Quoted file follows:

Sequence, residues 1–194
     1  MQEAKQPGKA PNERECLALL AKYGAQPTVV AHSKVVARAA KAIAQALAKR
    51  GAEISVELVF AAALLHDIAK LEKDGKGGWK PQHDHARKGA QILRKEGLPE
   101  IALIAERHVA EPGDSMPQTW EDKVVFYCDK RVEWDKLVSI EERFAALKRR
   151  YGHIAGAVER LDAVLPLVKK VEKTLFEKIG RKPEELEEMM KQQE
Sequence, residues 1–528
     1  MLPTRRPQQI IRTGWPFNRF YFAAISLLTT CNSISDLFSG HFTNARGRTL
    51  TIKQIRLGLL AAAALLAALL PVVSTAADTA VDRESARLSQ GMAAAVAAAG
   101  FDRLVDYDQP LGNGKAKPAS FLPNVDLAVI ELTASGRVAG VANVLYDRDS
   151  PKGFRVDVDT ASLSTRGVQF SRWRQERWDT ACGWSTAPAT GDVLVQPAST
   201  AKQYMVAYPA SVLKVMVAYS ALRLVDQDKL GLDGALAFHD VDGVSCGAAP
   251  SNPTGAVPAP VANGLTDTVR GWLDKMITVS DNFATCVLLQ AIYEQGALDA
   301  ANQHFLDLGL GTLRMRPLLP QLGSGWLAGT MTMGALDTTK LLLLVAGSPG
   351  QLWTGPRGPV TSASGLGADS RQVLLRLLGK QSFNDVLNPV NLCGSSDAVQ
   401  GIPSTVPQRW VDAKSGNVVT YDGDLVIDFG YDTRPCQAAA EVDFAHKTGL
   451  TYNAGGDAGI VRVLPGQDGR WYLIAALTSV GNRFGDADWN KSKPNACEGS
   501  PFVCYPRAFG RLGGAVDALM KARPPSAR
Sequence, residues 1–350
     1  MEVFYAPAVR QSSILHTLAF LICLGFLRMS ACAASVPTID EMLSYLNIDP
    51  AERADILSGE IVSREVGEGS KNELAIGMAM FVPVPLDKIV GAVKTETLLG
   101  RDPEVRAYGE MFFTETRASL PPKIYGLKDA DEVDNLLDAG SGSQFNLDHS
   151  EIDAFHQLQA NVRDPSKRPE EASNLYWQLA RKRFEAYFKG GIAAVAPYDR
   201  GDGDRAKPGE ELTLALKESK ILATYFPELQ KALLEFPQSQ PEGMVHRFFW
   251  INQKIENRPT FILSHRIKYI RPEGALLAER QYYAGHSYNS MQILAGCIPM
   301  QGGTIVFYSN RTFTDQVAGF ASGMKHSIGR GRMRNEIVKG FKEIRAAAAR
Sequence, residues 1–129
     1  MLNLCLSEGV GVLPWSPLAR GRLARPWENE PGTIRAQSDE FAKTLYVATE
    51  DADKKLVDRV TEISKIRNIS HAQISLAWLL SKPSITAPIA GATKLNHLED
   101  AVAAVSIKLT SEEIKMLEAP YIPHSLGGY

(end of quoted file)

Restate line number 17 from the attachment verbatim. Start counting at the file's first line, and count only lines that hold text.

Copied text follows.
   501  PFVCYPRAFG RLGGAVDALM KARPPSAR